The sturdie bristles on his back stoode staring up alway.
The scalding fome with gnashing hoarse which he did cast aside,
Upon his large and brawned shield did white as Curdes abide.
Among the greatest Oliphants in all the land of Inde,
A greater tush than had this Boare, ye shall not lightly finde.
Such lightning flashed from his chappes, as seared up the grasse.
Now trampled he the spindling come to ground where he did passe,
Now ramping up their riped hope he made the Plowmen weepe.
And chankt the kernell in the eare. In vaine their floores they sweepe:
In vaine their Barnes for Harvest long, the likely store they keepe.
The spreaded Vines with clustred Grapes to ground he rudely sent,
And full of Berries loden boughes from Olife trees he rent.
On cattell also did he rage. The shepeherd nor his dog,
Nor yet the Bulles could save the herdes from outrage of this Hog.
The folke themselves were faine to flie. And yet they thought them not
In safetie when they had themselves within the Citie got.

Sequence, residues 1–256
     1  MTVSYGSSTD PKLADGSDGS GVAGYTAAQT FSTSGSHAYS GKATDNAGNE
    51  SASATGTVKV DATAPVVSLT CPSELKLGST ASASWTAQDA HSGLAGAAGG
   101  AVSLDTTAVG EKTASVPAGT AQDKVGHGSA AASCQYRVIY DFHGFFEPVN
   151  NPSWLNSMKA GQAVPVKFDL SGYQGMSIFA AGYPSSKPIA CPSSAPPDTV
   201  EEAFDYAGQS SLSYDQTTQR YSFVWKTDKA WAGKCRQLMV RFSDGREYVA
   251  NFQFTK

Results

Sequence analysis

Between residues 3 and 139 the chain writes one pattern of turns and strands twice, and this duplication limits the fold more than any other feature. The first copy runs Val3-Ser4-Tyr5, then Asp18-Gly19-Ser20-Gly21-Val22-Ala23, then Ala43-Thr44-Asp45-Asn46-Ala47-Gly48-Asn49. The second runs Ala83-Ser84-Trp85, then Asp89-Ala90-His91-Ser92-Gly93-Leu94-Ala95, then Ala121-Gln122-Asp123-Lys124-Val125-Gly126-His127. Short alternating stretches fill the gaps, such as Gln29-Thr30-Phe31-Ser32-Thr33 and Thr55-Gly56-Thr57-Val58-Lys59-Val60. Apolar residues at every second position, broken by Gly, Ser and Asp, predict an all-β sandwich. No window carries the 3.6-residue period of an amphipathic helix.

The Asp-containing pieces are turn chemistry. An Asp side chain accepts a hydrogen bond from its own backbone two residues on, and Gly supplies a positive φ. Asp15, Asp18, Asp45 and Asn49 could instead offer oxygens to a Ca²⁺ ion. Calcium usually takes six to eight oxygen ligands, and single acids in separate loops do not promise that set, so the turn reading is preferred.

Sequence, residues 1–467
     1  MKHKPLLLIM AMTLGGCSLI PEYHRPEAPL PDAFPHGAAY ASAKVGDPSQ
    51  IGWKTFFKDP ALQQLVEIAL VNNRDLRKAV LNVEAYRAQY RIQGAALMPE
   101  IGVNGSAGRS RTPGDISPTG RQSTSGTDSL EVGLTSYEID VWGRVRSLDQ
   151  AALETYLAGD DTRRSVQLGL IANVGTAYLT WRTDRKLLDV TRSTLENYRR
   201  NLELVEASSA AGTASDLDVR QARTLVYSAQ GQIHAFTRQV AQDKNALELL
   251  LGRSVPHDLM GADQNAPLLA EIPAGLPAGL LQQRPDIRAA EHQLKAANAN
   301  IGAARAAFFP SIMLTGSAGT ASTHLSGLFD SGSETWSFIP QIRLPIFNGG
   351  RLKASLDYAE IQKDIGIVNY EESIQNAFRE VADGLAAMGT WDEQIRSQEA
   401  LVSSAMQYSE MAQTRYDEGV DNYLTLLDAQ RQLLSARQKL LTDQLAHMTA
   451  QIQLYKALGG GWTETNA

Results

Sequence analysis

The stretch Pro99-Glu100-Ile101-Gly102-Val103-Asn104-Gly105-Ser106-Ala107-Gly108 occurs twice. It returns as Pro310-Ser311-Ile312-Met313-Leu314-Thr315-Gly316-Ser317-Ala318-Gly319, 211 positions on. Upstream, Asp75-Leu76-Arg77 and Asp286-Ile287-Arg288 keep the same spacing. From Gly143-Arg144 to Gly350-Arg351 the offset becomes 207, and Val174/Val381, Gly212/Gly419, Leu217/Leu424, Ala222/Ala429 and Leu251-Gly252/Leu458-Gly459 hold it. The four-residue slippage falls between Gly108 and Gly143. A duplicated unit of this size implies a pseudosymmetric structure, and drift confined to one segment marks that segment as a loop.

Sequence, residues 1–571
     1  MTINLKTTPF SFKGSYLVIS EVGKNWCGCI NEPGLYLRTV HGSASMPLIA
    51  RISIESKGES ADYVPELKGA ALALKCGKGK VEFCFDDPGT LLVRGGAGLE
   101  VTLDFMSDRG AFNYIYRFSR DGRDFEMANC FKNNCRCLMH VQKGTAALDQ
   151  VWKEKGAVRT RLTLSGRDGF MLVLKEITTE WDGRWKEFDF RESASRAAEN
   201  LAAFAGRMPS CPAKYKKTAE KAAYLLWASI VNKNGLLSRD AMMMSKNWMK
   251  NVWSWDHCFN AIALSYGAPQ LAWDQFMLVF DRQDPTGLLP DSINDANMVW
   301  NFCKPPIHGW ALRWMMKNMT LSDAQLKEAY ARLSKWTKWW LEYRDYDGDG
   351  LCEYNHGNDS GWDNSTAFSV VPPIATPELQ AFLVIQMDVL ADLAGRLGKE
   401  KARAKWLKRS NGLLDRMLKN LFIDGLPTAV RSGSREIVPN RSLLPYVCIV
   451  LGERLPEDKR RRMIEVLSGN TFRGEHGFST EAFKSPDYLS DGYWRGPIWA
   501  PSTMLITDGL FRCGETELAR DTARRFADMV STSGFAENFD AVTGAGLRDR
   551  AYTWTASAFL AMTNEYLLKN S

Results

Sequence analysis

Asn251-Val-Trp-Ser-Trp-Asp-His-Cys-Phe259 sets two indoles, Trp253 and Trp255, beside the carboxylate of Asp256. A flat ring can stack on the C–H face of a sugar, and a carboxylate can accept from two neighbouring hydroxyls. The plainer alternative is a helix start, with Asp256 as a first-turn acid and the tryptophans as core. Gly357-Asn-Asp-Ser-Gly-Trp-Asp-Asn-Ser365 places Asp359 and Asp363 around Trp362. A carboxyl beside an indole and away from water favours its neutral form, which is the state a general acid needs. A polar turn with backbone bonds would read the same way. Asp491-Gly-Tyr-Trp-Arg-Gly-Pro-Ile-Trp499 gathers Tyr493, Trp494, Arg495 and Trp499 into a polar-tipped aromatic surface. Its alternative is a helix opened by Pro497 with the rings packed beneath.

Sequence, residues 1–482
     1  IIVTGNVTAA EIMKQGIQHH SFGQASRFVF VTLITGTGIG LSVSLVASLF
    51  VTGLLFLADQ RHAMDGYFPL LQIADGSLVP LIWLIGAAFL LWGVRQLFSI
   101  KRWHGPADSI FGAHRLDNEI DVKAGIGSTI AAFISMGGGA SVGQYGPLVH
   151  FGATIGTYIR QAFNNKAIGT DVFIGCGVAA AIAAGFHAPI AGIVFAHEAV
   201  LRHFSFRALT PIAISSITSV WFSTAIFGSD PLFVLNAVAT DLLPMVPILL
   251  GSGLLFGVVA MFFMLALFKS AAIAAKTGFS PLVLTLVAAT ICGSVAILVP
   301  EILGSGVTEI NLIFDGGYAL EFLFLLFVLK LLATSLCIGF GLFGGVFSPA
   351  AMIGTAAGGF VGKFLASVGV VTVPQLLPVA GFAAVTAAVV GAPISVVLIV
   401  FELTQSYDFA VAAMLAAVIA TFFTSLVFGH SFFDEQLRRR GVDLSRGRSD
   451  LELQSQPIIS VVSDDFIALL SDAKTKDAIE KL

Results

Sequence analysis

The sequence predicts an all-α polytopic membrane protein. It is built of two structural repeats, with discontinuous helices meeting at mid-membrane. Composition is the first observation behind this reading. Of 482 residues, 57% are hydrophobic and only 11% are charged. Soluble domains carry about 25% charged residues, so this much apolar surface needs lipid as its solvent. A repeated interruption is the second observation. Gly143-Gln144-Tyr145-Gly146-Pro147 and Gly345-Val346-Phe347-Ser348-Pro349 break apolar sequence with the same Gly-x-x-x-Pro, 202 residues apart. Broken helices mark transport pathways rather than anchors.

Untill their Prince Meleager, and with their Prince a knot
Of Lords and lustie gentlemen of hand and courage stout,
With chosen fellowes for the nonce of all the Lands about,
Inflamed were to win renowne. The chiefe that thither came
Were both the twinnes of Tyndarus of great renowne and fame,
The one in all activitie of manhode, strength and force,
The other for his cunning skill in handling of a horse.
And Jason he that first of all the Gallie did invent:
And Theseus with Pirithous betwene which two there went
A happie leage of amitie: And two of Thesties race:
And Lynce, the sonne of Apharie and Idas, swift of pace.
And fierce Leucyppus and the brave Acastus with his Dart
In handling of the which he had the perfect skill and Art.
And Caeny who by birth a wench, the shape of man had wonne
And Drias and Hippothous: and Phoenix eke the sonne
Of olde Amyntor: and a paire of Actors ympes: and Phyle
Who came from Elis. Telamon was also there that while:
And so was also Peleus, the great Achilles Sire:
And Pherets sonne: and Iolay, the Thebane who with fire
Helpt Hercules the monstruous heades of Hydra off to seare.
The lively Lad Eurytion and Echion who did beare